The way Mitch knows the corn is done for is the brown crispness that rises six inches from the cracked soil, the worst he’s seen in his ninety years, as if, with Sis’s passing, their farm has died with her, from drought or maybe justice. He swerves at the thought, inspiring the young couple in the back seat of his Ford to reach for door handles. She’s his great-grandniece, last seen a year ago. The husband’s new and wears cologne. Steadied, they resume the stilted questions of urbanites Mitch used to find charming. Today, he answers sparely. No, it’s too late to plant anything else. No, that’s not wheat. Not quinoa. Not barley. “Stop guessing,” the niece chides the husband. Mitch can’t remember if this is her second or third husband. These days, people discard parts of their lives too fast for Mitch to keep up with. He doesn’t believe in forevers anymore, especially heaven, but he does believe in the sanctity of good ground, of shared time, of the meanings shared things have. “I’m not guessing,” the husband insists. “They grow barley around here.” Mitch knows these two are secretly shopping for heirlooms, maybe a dinner bell or a real butter churn, something quaint and rural, a conversation piece. Reluctantly he leads

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them through the plain house he grew up in, recently cleansed of Sis’s clothes. The church ladies did it, while Mamie Davies sat with him in the car, handing him Kleenex. The niece lingers over the old Singer, and now she’s remarking on the cherry coffee table, hand carved by Mitch’s father. “When Roosevelt won, Dad was so sure America had gone communist that he chopped down the cherry tree to mark the day America died,” Mitch explains. The niece smiles faintly. “Franklin, not Teddy,” he clarifies. “Oh?” Her eyes are as blank as marshmallows. Apparently even presidents can be discarded. Awkwardness hovers. Battling arthritis, Mitch leads the two upstairs, past portraits no one asks about; they stop in the old guestroom. “What’s this doing here?” the niece asks, pointing to the fainting couch, an elaborate oddity designed for winded ladies with parasols, not flat Illinois farms with barn cats. Sis took it in payment for a hog when they were still in their teens and first running the farm without their parents, who’d died of flu in quick succession, as if they were inseparable. Sis could hitch a mule team as fast as anybody then, and after their first good harvest, she got a little mischievous.

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The niece hops on to the couch, slim jeans and high-heeled boots on the long stretch of velvet. “This house—everything in it—feels like peace,” she sighs. Peace? Hardly. All last winter, Sis had yearned and argued and made them both miserable. One time, she breathlessly cornered Mitch in this room. “Please. I want to see the angels.” “Oh, but so do I,” he’d said. She’d laughed, coughed, reached for the highboy to catch her fall. “Typical! Only thinking about yourself. God won’t hold this against you. But I’ll hold every stupid pain I suffer against you. I will haunt you, little brother.” “I can’t.” “Always the mouse. Mother always said so.” “No.” “Afraid of girls even!” She wasn’t usually mean like that. It was the cough getting to her. Now the husband remarks on the craftsmanship of the highboy, which Mitch made when he was fourteen. When the man fiddles with one of the delicate drawers, it makes a cracking sound. “Oh no,” the niece breathes. “Back off,” the husband says. She retreats to the window. Stymied, Mitch feels picked apart, like a curiosity, not a man, and now he’s remembering how that tiny drawer stumped him back in shop class, so narrow it was; the teacher said, “You can do it that way but it won’t last,” and Sis said, “Betcha it lasts forever.” “Damn!” the husband says. The drawer is in pieces. Long ago that insurance man with the good territory who wanted to marry Sis was irritated just like this one. The man refused to admit he’d left the chicken coop open— and the coyote in. He was insulted even. He squared off with Mitch, sweating in his suit, while Sis watched from the flower patch. Back then, she had auburn hair and a way with children, but she said No to the match: Promises had been made to her dying mother, she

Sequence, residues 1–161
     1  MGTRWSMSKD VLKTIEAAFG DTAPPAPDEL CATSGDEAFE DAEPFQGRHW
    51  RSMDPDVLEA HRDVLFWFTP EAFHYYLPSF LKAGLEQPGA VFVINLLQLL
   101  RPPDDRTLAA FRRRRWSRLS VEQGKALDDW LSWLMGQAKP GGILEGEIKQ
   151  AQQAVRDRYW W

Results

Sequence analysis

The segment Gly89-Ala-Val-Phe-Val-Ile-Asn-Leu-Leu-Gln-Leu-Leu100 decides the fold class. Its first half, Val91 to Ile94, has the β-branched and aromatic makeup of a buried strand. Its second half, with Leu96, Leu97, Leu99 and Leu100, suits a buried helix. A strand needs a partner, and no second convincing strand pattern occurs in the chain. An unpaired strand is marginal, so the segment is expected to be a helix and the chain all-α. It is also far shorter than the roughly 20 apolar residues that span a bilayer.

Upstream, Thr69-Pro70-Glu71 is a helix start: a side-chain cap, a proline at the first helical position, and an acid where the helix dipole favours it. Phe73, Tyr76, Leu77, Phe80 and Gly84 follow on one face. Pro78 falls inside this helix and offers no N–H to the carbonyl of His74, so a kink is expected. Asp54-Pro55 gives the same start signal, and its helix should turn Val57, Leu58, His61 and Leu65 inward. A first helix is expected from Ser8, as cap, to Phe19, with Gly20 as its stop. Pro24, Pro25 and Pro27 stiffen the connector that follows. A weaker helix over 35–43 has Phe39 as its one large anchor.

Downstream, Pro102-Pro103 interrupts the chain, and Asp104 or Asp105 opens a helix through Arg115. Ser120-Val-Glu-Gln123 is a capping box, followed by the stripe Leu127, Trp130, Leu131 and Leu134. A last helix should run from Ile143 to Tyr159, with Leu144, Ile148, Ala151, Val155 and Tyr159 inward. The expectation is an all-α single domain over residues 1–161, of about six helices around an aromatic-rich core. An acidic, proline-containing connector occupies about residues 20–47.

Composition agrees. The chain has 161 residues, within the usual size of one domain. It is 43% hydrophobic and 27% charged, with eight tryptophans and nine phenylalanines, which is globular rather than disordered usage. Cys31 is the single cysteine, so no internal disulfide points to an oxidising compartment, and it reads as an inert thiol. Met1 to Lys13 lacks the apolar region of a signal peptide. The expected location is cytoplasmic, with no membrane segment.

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said. Sometimes Mitch doubted this claim: The prospect of Sis in a marriage was like a bobcat in a cage, and maybe, secretly, she knew this about herself. But in seventy years, through three sawdust droughts and a round of chinch bugs, they never talked of it. “Can you fix it?” the niece asks Mitch. Then eight months ago Mitch found Sis stretched out on the fainting couch. “I think this…is the right place to take a last breath, don’t you?” she wheezed. “I can’t.” “You won’t.” “Can’t.” “You owe me.” “Nonsense. Because of that suitor in the suit?” “No. Because I love you.” Her smile was made of waxed paper. Her voice had no air in it. Her skin drooped off her bones like laundry on a line and quivered when the pain surged. But her eyes were still hers, wry, and now tearing. In Mitch’s hands, the pillow was impossibly plush. “I love it,” the niece says from the couch, arms folded under her head. There’s a tingle battling for Mitch’s mouth, threatening a smile. It’s not his smile. He knows exactly what Sis would do with these two. His eyes travel the elegant curve of the couch back and the scroll of the single arm rest, curled under itself, the deep red velvet. He opens his arms grandly. “I’ve been saving the Franklin Roosevelt table for you,” he announces, and there’s a new light in him, his own glinting yes. The niece and the husband are so delighted and so surprised, and yes, they’ve brought bungee cords.